Intesinte-normal lumen

The size of the lumen thorough with the food passes and intestinal wall thickness of a normal small intestine

ThickenedSmallIntestine

You can easily see the smaller lumen and thickened intestinal wall in this pet with IBD

Inflammation of the pancreas is known as pancreatitis. In pancreatitis, the digestive enzymes that would normally be secreted into the duodenum to digest food are now leaking out of the pancreas into the abdomen, causing tremendous inflammation and pain to surrounding organs. Pancreatitis is a serious disease, and usually requires hospitalization, intravenous fluids, and medication. It can be hard to diagnose in cats because they usually become quiet and sit as if content, when in reality they are in pain. A clue is the fact that are not eating well.

Inflammation of the liver in some cases may be associated with IBD, permitting an infection to creep up the bile duct and into the liver. There are many different sources to this infection, ascending from the GI tract or urinary tract.

The pancreas, liver, and intestines are closely associated, and when one has a problem it causes inflammation in one of the other ones. When all three have a problem it is called Triaditis. As you can see, it all gets quite complicated.

Cause

IBD is one of those conditions where the exact cause might never be identified. The most common causes are dietary allergies, infections, and environmental stress. Stress can happen in multiple pet households, during holidays, and in extreme weather.

Dietary allergies are involved with sensitivity to protein in the diet. Sometimes, an inability to absorb nutrients, called a malabsorption syndrome, is involved. Some pets generate an excessive amount of a specific white blood cell called an eosinophil (eosinophil gastroenteritis) in the lining of the GI tract.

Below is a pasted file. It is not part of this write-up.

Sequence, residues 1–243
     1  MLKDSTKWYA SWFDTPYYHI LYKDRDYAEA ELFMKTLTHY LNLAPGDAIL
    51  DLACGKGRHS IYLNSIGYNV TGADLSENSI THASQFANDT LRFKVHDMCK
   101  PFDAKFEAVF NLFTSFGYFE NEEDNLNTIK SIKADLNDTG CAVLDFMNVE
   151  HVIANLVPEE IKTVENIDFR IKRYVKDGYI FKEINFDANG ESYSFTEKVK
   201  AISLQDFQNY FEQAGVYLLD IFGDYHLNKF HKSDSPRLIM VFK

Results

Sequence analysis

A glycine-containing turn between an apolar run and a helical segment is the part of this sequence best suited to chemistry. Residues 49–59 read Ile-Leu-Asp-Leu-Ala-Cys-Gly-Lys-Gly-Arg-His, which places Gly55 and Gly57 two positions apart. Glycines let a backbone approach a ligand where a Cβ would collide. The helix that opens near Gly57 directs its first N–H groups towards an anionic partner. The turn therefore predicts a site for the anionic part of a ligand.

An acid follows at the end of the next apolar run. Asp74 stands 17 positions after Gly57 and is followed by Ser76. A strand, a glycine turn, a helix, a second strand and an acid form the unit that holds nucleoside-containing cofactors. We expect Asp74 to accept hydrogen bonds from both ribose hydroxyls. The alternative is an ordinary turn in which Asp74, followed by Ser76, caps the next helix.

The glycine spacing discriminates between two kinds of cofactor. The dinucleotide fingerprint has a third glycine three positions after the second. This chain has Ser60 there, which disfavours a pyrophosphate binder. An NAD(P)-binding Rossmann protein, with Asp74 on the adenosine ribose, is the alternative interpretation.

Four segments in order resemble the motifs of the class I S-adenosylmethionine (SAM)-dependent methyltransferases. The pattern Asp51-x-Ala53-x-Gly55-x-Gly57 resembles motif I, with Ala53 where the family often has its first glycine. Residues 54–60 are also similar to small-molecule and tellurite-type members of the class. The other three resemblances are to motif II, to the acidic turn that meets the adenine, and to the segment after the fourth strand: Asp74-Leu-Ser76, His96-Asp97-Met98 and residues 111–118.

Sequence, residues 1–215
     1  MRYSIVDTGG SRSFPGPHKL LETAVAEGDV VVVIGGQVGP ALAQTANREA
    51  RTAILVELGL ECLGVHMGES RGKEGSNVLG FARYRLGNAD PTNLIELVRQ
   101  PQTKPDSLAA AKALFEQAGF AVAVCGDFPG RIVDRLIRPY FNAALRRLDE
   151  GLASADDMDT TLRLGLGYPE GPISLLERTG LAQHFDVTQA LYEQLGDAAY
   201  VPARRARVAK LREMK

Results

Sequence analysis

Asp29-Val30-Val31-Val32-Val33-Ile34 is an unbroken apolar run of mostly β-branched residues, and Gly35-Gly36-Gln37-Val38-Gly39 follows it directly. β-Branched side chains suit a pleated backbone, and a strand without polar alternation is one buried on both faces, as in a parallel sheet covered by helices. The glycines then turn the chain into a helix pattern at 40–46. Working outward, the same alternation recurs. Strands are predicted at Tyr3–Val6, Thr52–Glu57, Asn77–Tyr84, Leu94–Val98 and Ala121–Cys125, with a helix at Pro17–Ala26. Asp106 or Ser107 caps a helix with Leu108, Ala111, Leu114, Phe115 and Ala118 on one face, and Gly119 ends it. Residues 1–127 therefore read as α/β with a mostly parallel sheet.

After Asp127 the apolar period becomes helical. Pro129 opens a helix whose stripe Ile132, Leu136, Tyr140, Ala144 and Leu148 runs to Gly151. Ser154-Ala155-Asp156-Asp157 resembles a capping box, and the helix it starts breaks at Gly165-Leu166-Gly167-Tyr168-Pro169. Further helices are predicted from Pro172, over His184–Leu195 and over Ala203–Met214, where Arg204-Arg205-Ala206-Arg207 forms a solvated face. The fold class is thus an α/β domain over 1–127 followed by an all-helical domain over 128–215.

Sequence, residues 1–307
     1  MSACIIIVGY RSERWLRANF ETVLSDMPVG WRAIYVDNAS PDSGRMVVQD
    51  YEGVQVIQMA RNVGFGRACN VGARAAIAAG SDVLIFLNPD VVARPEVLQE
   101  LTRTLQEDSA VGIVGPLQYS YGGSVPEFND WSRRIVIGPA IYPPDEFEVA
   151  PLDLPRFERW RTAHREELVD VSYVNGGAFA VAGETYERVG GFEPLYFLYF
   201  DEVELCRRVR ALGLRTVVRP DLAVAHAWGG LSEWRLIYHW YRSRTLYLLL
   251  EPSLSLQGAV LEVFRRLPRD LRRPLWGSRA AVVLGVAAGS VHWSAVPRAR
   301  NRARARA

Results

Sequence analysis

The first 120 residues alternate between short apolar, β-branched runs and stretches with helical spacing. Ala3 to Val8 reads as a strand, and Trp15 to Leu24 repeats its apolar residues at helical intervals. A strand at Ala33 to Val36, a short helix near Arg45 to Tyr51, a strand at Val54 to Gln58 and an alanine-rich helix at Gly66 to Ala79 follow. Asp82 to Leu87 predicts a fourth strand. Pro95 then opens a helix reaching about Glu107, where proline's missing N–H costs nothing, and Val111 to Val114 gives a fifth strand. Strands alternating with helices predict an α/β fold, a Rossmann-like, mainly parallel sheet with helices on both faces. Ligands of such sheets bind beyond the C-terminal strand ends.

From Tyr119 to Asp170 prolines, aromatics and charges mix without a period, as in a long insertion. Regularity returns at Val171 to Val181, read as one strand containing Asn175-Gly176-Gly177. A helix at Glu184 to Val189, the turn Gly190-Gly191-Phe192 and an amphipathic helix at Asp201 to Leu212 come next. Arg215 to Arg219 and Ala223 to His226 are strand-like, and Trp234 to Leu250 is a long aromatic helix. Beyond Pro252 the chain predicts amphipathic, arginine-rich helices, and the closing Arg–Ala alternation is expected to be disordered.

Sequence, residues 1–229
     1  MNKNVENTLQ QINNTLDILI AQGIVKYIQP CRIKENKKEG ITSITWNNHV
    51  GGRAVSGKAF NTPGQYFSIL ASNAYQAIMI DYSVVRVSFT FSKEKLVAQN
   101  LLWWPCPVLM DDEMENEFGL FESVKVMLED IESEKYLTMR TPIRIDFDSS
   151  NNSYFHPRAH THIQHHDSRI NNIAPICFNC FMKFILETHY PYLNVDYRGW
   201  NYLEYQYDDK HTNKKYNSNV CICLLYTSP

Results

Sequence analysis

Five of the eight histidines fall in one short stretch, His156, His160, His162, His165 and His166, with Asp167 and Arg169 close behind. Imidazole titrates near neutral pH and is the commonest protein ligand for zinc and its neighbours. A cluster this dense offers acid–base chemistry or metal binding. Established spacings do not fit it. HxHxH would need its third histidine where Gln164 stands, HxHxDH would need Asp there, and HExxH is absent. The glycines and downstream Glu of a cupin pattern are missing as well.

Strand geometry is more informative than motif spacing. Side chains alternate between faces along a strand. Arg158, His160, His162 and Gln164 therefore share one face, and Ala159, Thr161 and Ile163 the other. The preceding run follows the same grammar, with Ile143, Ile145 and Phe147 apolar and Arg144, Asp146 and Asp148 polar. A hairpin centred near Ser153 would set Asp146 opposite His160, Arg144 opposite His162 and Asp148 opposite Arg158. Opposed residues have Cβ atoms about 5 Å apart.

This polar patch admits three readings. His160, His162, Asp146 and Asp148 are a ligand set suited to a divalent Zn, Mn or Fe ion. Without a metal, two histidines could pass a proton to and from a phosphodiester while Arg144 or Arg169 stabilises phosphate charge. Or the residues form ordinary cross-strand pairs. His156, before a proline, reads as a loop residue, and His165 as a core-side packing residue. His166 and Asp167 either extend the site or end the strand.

Other dietary causes might include artificial coloring, preservatives, and food additives. Differentiation between the above-mentioned causes is difficult, especially since many IBD cases are associated with several concurrent factors.

It is suspected that puppies with a large amount of internal parasites (worms) are setting the stage for IBD later in life. This is another good reason to have your pet checked for internal parasites at least yearly, and wormed frequently when young.

Pancreatitis is highly associated with pets that are overweight, particularly spayed female dogs. Fatty meals are important components of the clinical history for cases involving pancreatitis. As a result, we tend to see this cause of pancreatitis around the holidays when people are celebrating with turkey (and gravy) and other similar foods that their pets’ eat also.

Inflammation of the pancreas can spread to the liver  due to its proximity.  This can inflame the gall bladder, causing bile to backup into the liver. This can lead to Triaditis mentioned earlier.

Inflammation of the liver and biliary system, known as cholangiohepatitis, is most commonly associated with a bacterial infection.  In cases of Triaditis, it is unknown as to whether the liver is the first organ affected, resulting in secondary inflammation of the pancreas and gastrointestinal tract, or if it is the other way around.  It has been hypothesized that bacterial infections may be the initiating cause of cholangiohepatitis, with IBD and pancreatitis following thereafter.